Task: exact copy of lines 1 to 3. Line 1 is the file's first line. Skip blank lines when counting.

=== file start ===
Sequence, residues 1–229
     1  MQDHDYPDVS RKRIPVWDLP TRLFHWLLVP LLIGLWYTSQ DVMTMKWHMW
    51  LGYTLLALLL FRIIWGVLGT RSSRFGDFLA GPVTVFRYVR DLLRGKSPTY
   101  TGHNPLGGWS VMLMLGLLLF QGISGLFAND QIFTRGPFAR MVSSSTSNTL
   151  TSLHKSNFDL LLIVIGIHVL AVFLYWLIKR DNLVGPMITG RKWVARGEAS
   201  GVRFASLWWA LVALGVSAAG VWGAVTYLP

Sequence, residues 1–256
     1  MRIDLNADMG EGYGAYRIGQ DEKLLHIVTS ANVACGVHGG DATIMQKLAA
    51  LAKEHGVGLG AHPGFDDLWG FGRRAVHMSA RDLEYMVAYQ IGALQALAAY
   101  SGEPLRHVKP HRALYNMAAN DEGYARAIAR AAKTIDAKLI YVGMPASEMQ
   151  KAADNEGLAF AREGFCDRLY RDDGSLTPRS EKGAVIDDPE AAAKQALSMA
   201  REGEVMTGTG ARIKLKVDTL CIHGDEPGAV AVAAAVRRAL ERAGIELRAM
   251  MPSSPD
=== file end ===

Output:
Sequence, residues 1–229
     1  MQDHDYPDVS RKRIPVWDLP TRLFHWLLVP LLIGLWYTSQ DVMTMKWHMW
    51  LGYTLLALLL FRIIWGVLGT RSSRFGDFLA GPVTVFRYVR DLLRGKSPTY